The Army’s New Shooter Education Videos – “The Shooter’s Corner”

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Breaking from a long tradition of providing the most mundane and barely readable Training Manuals, the US Army is getting with the modern times with the release of their new “Shooter’s Corner” videos from the Army Marksmanship Unit.

Production value is actually pretty good, especially for a basic training video though I do miss the old black and white 40’s, 50’s, and 60’s Army videos. (On a personal note, its amazing to see how little the fundamental weapon has changed in almost 50 years). The SSgt is a capable instructor, who obviously knows his stuff.

Released online by BenningTV (Fort Bennings’ public press YouTube channel), a total of 5 videos have been released so far:

  1. Weapons Safety & Manipulation
  2. Firing Positions
  3. Sight Alignment & Trigger Control
  4. Zeroing the Weapon
  5. Sights and Optics

Some interesting tidbits on changes to weapons training since I was in the Corps a decade ago:

  1. Hands are encouraged to be as far forward as possible
    1. We were taught to typically keep our hands near the magazine well.
  2. Slings are not being used to cinch down the shooter for shots, emphasizing typical combat conditions.
  3. Trigger control is now “smooth” versus to have the “surprise” of a shot breaking.

The videos are only about a 1/2 hour long, so you are warned to watch over a lunch break!

 



Nathan S.

One of TFB’s resident Jarheads, Nathan now works within the firearms industry. A consecutive Marine rifle and pistol expert, he enjoys local 3-gun, NFA, gunsmithing, MSR’s, & high-speed gear. Nathan has traveled to over 30 countries working with US DoD & foreign MoDs.

Nathan can be reached at Nathan.S@TheFirearmBlog.com

The above post is my opinion and does not reflect the views of any company or organization.


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  • CommonSense23

    So big army is still preaching that 25 meter zero. Interesting. Would think they would be following SOCOMs lead these days.

    • joe

      M16 seies sights are designed for a 25 meter zero.

      • CommonSense23

        Which is fine and all, but a 50 meter zero produces less deviation than a 25 meter zero.

        • Rock or Something

          Personally, I never liked the 25 meter zero, and I do zero my personal rifles at 50+ meters. But Big Army has to respond to the lowest common denominator shooter. 25 meter also means less time and distant for the firing line to get up, walk down, check and walk back.

  • iksnilol

    Hands forward? Uncomfortable and not really precise IMO, tho it does give better control so might be good for sub 100 meters.

    • MR

      Clearly not an operator. 😉

    • Major Tom

      It’s how you shoot uber long range with a more traditional rifle without the use of a bipod or propping it up on something like a rock.

      With semi automatic, bolt action and pump action firing the forward hand guides the aim, reducing the sway of the shooter and keeping it steady on target. It does not control the impulse of the recoil the same way as you would a magwell grip or a foregrip.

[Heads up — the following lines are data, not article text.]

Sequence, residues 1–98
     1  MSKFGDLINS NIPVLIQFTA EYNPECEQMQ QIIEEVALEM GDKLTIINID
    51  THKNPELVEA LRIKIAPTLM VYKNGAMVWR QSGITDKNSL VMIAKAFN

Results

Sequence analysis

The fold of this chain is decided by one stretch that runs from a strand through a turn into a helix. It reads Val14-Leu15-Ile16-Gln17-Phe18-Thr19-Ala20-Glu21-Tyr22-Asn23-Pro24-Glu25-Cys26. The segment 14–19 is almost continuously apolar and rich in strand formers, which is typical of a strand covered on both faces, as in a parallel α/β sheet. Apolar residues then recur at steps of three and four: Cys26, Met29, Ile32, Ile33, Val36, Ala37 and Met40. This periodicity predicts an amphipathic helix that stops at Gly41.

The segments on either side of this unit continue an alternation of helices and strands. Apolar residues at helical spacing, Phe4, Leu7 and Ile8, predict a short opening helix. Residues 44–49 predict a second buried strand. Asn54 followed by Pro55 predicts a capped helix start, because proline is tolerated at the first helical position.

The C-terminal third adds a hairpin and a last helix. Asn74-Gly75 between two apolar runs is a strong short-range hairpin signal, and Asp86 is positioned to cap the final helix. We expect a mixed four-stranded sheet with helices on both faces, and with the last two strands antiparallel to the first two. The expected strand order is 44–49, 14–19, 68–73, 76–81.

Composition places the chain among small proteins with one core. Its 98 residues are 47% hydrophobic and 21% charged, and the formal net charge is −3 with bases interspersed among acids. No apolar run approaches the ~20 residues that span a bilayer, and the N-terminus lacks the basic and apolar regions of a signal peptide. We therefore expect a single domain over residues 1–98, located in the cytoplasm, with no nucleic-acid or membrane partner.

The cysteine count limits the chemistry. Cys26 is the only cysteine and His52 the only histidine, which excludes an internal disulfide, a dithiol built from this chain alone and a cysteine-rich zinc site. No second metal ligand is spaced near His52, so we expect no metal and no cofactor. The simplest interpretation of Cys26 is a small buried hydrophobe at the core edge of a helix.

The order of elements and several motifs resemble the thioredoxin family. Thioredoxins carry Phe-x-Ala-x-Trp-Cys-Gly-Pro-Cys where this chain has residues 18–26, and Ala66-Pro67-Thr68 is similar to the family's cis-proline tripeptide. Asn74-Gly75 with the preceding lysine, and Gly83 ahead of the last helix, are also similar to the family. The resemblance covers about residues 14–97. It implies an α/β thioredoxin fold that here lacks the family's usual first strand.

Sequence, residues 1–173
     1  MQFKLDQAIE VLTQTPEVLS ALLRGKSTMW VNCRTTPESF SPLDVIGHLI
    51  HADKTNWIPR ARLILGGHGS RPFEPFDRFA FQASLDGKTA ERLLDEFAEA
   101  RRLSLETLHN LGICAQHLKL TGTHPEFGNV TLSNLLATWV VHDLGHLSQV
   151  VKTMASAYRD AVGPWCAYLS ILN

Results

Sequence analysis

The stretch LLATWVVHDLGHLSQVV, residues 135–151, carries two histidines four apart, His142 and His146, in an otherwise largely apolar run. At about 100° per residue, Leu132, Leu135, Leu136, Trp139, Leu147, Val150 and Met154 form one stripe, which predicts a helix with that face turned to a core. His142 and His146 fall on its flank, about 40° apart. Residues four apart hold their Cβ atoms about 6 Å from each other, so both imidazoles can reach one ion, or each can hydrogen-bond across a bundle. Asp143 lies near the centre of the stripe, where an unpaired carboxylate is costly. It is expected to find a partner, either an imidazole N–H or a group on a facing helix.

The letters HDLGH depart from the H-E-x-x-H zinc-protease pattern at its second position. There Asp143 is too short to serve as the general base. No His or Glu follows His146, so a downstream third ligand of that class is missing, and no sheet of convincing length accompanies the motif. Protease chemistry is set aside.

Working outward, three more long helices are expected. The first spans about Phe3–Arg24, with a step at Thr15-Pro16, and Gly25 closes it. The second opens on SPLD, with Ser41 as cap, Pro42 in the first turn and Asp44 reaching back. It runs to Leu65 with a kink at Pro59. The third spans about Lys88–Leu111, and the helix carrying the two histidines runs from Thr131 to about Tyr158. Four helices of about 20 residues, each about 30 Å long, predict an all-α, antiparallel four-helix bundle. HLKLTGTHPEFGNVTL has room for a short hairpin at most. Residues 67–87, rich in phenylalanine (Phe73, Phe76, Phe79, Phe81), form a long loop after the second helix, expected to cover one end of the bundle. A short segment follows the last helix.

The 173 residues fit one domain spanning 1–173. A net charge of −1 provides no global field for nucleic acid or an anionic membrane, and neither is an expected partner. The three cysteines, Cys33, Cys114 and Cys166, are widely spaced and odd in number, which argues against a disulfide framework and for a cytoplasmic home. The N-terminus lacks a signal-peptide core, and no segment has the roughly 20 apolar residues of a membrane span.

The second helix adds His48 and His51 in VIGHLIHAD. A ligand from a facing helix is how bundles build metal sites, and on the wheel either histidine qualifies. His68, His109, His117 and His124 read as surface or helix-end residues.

• iksnilol

        I’d argue that’s exactly the way you don’t shoot long range. Since you are less stable with your arm stretched out. I mean, look at target shooters (those guys using diopters and slings). They (including me) use the magwell grip.

        It’s simple body mechanics, really.

        • Major Tom

          The arm extended reduces the sway of the gun, that’s what you need for long range shooting. A sway of even less than an inch from your perspective can turn what would have been a perfect bullseye at 500 meters into a round hitting the dirt.

          The recoil doesn’t affect the accuracy of the bullet as by the time you feel the recoil, the bullet has long since left the barrel. At long range, recoil is irrelevant since you need to pace your shots anyways so you need to counteract the sway that would throw your shots off.

          When you use a more traditional rifle like say a Mosin-Nagant or Remington 700 series holding the weapon really close like a magwell grip causes a lot of sway. In the case of the Mosin-Nagant, the weapon is actually very front-heavy when you do that so you actually lose stability and lose control over sway, but extend the hand as far as it can go forward and it becomes that much more manageable.

          But if you insist on magwell grips and that’s what works for you, then by all means don’t let me stop you.

          • iksnilol

            But I feel more sway when the arm is forward, and I fatigue faster. Body mechanics and all, the arm is more stable when it is closer to the body.

            Like I said, look at the target shooters.

  • smartacus

    reminds me of the episode when Squidward was teaching Spongebob the rules of art

  • Southpaw89

    They should bring back Private Snafu.

  • Pat Boyle

    When I was in the Army I was a medic. We saw a lot of training videos but most of them were about VD. I was stationed in Texas and before they would release us to go across the border on a pass we were shown all these movies about dick-rot.